The Horrors of the German language Part III

 “The creator of the German language appears to have given his best to make it as complicated as possible.”

As I have promised last time I discussed the troubles caused by the German language, today I will tackle those infamous long nouns and the solutions Mark Twain proposed to make the language more coherent and easier to learn.

“In German, all nouns are written with a capital letter. This, ultimately, is a good idea and a creditable one, because this language is not rich in terms of good ideas.” Continue reading

November 9, 23 years ago in Berlin

The Berlin Wall at Topographie des Terrors

Today is November 9, a day of great significance in German history that marked both glorious events as well as dark moments. I will talk about the most recent event that marked the history of Germany and led to the reunification of this state: the fall of the Berlin Wall.

23 years ago on this very day something that many people living in the GDR or in other communist countries thought would never happen: the wall that for 28 years brutally separated families, friends, neighbours, colleagues in Berlin was opened, a move that resulted in its almost complete destruction within a few short months. Continue reading

The Horrors of the German language Part II

“The study of German is tiresome and can lead to insanity”

Continuing the discussion I started yesterday on Mark Twain’s reproaches of the German language, I will begin this post by discussing those troublesome verbs.

Even if you don’t speak German, you probably already know the curious habit of placing the verb at the sentence in many situations (most secondary phrases, after most conjunctions, most tenses etc). This effectively means that when you are speaking, you must know precisely what you are going to say and not make it up as you go along, which is what I do most of the time. Continue reading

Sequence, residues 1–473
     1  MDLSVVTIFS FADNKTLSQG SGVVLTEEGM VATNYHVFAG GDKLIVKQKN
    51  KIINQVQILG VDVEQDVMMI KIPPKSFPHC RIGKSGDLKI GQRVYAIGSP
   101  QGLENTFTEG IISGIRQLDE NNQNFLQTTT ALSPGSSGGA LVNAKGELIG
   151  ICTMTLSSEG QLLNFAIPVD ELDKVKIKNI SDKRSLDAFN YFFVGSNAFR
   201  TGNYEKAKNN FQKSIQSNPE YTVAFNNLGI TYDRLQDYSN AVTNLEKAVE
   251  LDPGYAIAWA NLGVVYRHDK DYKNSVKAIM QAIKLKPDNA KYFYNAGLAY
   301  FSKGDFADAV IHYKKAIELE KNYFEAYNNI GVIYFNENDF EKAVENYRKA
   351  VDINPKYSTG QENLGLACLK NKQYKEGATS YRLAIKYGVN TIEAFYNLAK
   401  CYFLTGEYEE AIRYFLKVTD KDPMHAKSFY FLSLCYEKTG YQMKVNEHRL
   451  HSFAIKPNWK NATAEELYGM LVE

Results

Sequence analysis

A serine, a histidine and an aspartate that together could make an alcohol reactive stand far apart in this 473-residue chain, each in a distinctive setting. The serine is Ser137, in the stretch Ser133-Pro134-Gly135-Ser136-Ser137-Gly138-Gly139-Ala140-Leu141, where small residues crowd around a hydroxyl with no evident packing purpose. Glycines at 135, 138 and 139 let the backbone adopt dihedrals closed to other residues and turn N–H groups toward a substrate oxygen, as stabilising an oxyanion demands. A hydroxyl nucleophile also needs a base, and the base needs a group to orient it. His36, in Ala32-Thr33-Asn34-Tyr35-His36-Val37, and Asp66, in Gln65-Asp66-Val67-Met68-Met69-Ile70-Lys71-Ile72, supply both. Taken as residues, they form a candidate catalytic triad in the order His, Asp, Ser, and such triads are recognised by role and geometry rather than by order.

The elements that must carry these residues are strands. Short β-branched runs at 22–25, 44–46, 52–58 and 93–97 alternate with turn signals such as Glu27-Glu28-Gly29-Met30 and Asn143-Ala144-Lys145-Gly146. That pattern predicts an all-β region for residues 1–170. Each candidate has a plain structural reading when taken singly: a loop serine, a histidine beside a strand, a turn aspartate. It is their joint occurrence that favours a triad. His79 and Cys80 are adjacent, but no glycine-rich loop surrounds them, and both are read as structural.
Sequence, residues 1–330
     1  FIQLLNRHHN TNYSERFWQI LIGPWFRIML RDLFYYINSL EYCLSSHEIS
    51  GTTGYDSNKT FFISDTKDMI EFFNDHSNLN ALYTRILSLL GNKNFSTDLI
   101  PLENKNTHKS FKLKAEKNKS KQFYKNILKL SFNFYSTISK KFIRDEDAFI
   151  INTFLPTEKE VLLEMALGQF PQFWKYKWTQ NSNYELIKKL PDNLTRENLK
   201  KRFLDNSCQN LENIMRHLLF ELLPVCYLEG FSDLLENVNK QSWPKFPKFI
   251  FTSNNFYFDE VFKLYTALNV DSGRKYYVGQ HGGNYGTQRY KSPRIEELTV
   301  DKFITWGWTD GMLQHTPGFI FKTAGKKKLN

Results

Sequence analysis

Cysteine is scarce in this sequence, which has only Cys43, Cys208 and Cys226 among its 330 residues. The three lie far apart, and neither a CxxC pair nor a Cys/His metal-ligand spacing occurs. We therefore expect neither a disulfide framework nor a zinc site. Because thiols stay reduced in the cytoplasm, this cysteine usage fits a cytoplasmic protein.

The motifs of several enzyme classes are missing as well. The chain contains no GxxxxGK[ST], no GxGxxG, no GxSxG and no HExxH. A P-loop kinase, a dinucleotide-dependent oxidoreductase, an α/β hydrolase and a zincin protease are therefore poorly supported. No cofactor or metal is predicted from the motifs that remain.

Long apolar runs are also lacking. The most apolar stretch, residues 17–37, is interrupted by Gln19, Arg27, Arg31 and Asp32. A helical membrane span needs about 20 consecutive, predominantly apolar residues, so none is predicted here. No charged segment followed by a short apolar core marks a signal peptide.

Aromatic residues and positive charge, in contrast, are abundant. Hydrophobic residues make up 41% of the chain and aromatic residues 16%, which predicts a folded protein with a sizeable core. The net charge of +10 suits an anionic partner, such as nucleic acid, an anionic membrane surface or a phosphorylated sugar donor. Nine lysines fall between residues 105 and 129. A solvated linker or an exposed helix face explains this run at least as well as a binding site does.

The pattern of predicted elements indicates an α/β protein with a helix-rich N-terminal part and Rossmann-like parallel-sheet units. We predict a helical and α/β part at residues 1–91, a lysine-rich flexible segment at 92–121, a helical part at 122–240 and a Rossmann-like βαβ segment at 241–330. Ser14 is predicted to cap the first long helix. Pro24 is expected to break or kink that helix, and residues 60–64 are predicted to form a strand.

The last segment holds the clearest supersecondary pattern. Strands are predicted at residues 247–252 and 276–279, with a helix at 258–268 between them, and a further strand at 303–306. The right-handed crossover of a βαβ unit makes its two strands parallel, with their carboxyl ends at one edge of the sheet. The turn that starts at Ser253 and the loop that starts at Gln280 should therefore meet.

The Horrors of the German language Part I

When Mark Twain wasn’t writing the most adventure-packed stories of our childhood, he was travelling and writing about these in his characteristics way: humorous and insightful. In one of his travels abroad, chronicled in the book A Tramp Abroad (available completely here) he ended up in Germany, where he stayed for several months. Here he studied some German in order to ease his journey and find out more about the people. While he praised many aspects of German society of the late nineteenth century, the German language was not one of them. Continue reading

A view from above

Last time I wrote about the Siegessäule monument here, I failed to include some pictures taken from above. And since the view offered by this site in Berlin is probably only exceeded only by the Fernsehturm, which is almost four twice taller, I thought some pictures could do no harm.

The narrow and winding staircase will take some effort to climb

Continue reading